Full citation

Bourgeon, L. (1989). Temporal Context of Organizational Learning in New Product Development Projects.Technology in Society, 11(3), 175-183.

Format: Peer-reviewed article

Type: Research — Non-experimental

Experience level of reader: Advanced

Annotation: The author discusses the difference between objective and subjective time constraints in new product development. The objective time refers to actual time budgeted to complete the project, while subjective time refers to the team members perceptions of how feasible the objective time budgets are. The main finding is that the longer the objective time for a project the greater the collective learning for all involved. Also, if the team members’ perception of the budgeted time is too short to complete the project, then stress will develop. This stress creates a barrier for collective learning.

Setting(s) to which the reported activities/findings are relevant: Large business, Small business (less than 500 employees)

Knowledge user(s) to whom the piece of literature may be relevant: Manufacturers

Knowledge user level addressed by the literature: Organization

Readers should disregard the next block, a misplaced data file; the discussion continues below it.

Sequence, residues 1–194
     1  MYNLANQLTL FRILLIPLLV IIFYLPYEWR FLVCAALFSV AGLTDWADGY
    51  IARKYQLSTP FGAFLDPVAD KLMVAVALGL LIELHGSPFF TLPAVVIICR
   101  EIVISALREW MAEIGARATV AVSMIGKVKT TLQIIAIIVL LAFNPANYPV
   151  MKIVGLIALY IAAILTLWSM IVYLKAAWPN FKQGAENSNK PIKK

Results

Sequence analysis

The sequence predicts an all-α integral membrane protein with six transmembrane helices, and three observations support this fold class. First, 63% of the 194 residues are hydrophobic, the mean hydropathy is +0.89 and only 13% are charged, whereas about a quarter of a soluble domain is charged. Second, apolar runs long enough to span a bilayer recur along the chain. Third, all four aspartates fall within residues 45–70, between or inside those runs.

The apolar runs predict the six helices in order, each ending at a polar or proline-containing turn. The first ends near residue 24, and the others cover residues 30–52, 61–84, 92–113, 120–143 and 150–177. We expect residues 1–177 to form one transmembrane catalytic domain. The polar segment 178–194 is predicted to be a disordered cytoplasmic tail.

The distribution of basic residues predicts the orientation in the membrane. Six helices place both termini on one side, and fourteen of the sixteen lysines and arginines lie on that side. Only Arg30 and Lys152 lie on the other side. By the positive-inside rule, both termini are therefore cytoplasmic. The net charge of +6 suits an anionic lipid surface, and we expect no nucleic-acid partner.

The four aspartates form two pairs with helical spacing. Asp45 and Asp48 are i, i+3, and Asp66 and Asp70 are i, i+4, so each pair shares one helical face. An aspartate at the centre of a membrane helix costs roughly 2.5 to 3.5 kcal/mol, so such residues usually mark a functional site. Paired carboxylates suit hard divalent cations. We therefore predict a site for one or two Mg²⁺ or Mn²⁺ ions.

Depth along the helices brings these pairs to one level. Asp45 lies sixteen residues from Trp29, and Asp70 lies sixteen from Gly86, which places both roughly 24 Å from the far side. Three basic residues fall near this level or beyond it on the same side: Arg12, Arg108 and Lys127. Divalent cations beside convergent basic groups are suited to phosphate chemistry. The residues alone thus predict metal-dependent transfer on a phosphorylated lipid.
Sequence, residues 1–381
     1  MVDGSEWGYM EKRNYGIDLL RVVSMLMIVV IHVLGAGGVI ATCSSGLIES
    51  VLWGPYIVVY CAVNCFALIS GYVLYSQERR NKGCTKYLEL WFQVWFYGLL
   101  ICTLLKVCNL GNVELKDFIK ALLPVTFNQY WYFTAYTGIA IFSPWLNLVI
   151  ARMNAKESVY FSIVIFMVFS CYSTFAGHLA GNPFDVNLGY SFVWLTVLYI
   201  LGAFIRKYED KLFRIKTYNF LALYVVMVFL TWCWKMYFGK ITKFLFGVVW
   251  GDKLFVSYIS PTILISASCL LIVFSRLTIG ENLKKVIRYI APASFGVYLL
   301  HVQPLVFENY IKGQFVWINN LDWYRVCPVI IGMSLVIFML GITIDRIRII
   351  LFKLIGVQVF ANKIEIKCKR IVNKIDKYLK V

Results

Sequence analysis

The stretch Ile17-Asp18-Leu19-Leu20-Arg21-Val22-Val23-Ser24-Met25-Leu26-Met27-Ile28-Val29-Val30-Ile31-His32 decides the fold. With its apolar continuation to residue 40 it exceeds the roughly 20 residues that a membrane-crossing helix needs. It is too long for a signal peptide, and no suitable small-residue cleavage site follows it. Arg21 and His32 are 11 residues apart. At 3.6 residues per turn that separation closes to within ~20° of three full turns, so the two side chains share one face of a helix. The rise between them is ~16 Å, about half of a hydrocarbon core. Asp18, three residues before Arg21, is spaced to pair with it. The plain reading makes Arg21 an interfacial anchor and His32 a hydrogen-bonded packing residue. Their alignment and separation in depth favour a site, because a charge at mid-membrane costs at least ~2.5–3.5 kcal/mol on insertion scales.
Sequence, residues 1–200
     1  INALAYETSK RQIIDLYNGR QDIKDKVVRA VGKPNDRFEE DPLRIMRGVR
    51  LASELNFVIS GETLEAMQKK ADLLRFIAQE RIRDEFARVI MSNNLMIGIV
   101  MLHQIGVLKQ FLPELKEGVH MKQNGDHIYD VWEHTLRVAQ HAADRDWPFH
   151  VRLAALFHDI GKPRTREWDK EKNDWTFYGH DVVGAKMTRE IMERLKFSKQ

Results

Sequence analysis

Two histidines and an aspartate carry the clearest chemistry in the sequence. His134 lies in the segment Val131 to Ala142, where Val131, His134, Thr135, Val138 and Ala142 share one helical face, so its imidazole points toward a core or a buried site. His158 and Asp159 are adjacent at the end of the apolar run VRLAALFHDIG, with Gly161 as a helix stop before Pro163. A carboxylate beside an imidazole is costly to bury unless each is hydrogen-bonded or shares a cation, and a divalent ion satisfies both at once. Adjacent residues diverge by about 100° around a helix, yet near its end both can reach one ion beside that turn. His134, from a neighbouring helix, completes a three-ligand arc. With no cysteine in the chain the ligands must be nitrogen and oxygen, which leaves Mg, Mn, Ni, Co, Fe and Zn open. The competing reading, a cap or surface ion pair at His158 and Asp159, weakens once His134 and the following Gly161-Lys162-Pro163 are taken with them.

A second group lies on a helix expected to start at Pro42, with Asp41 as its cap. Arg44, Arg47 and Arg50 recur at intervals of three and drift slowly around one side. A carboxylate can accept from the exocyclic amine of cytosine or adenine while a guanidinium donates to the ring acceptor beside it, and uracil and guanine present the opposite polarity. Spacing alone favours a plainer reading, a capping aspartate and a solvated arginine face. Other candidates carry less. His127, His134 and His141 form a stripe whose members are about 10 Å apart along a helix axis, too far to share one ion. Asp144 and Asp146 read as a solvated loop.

This article uses the Commercial Devices and Services version of the NtK Model

Primary Findings


  • Create project time restrictions that are realistic, as perceived by team members, to avoid creating stress and unfavorable learning conditions.
    Occurrence of finding within the model: Tip 4.12
  • Encourage commitment from functional team members to maintain involvement throughout the new product development project and conditions for collective learning will be favorable.
  • Providing a longer time period to complete a new product development project will create more favorable collective learning conditions.
    Analysis of Variance showed a significance value of 0.024 with F value of 5.294
    Occurrence of finding within the model: Tip 4.12

Secondary Findings

Model: A horizontal management style reduces the time needed to develop new products by giving more decision making power to lower level managers and improving efficiencies of indirect development activities. (Rothwell, 1992)